Wathen’s Single Barrel

wathensWathen’s was a new one for me when I saw it on the shelf a few weeks ago.  I’d never even heard of this brand which claims to be the product of “whiskey’s royal family”.  A little digging on Google reveals a ten-year old string of postings on Straight Bourbon in which Chuck Cowdery and some others discuss the arrival of this new bourbon – so apparently I’m a bit late to the game.

Wathen’s seems to have an interesting and typically complicated (for bourbon) history as a brand, having been the result of distilleries being bought, sold, closed, and revived.  In the end however, we have Wathen’s on the shelf of a New York City liquor store, where I got my hands on a bottle from barrel number 841.

There is no age statement on this one with the exception of the statement of the bourbon-making family’s age (eight generations / 250 years).  This worries me a bit, not knowing what I’m getting into, but I’ll hope for the best.

Stats:

– $40ish

– Made by the Charles Medley Distillery

– 94 proof

Presentation:

Wathen’s comes in a rectangular bottle whose height is approximately twice the width – this gives it a slight squat look.  The sides are marked with indented grips, and the neck is short and thin.  The labels are made of a rough brown-paper-bag style material and adorned with the image of a barrel over which the name and family’s distinguished age is declared.  At the bottom is a short note from C. Medley himself, assuring the reader that the contents of the bottle are from a barrel which he himself has selected.

The bottle also includes an informational tag that’s filled with the familiar familial chest-puffing of bourbons.  We have here whiskey royal family, I’m led to believe.

Tasting:

On the nose it’s a soft, dry wheat and bananas for the most part.  There’s something of a burnt-pine deep at the center of it.  Also, while taking these whiffs, I can’t help but note the fine legs on this bourbon, I’m expecting a quite velvety texture here.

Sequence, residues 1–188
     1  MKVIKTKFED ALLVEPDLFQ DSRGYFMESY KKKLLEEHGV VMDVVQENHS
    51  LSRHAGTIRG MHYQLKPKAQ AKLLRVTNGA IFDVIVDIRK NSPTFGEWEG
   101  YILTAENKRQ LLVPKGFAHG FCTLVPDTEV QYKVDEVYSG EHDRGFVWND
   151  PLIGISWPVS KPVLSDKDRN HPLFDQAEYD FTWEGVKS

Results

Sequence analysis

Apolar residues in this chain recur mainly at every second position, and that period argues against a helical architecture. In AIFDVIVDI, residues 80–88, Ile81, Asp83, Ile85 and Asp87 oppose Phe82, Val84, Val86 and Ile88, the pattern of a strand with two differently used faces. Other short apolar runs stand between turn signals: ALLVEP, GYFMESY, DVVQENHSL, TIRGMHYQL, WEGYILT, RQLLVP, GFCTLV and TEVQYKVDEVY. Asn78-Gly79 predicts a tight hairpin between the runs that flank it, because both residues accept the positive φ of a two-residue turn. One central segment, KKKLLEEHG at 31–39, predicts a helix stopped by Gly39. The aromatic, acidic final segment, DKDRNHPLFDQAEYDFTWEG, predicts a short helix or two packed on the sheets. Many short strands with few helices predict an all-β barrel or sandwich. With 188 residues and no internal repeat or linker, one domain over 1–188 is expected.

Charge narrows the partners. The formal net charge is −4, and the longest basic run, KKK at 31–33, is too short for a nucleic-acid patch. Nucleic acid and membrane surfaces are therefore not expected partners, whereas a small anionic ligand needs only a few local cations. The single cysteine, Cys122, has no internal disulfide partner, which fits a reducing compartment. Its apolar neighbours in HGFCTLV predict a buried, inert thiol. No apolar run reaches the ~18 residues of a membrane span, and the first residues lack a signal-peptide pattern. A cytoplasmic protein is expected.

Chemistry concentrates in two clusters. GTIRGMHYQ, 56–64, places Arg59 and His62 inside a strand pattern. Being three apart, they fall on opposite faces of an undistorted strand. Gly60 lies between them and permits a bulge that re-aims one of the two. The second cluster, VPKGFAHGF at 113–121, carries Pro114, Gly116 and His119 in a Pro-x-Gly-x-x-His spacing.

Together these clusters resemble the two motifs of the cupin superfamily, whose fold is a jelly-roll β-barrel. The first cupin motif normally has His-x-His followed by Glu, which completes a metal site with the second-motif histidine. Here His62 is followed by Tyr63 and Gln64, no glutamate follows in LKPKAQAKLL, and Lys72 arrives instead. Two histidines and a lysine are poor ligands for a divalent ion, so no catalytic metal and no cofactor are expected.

At first on the tongue, Wathen’s comes across with a crisp cherry, then oddly I get a bit of that dried/burnt pine sensation going on in the background.  There’s a touch of that banana there as well, but very slight compared with the scent.  The finish is long, slow and warm.

Over all:

For some reason ‘crisp’ is the word that keeps coming to mind in describing Wathen’s.  My fears about the age turned out to be unfounded: however long it sat in that barrel, that was the right time.  I can see myself pulling this off my shelf from time to time, it’s not overly complicated, but there’s a subtlety behind that crispness which I enjoy.

Advertisements

Leave a Reply

Fill in your details below or click an icon to log in:

WordPress.com Logo

You are commenting using your WordPress.com account. Log Out / Change )

Twitter picture

You are commenting using your Twitter account. Log Out / Change )

Facebook photo

You are commenting using your Facebook account. Log Out / Change )

Google+ photo

You are commenting using your Google+ account. Log Out / Change )

Connecting to %s

%d bloggers like this: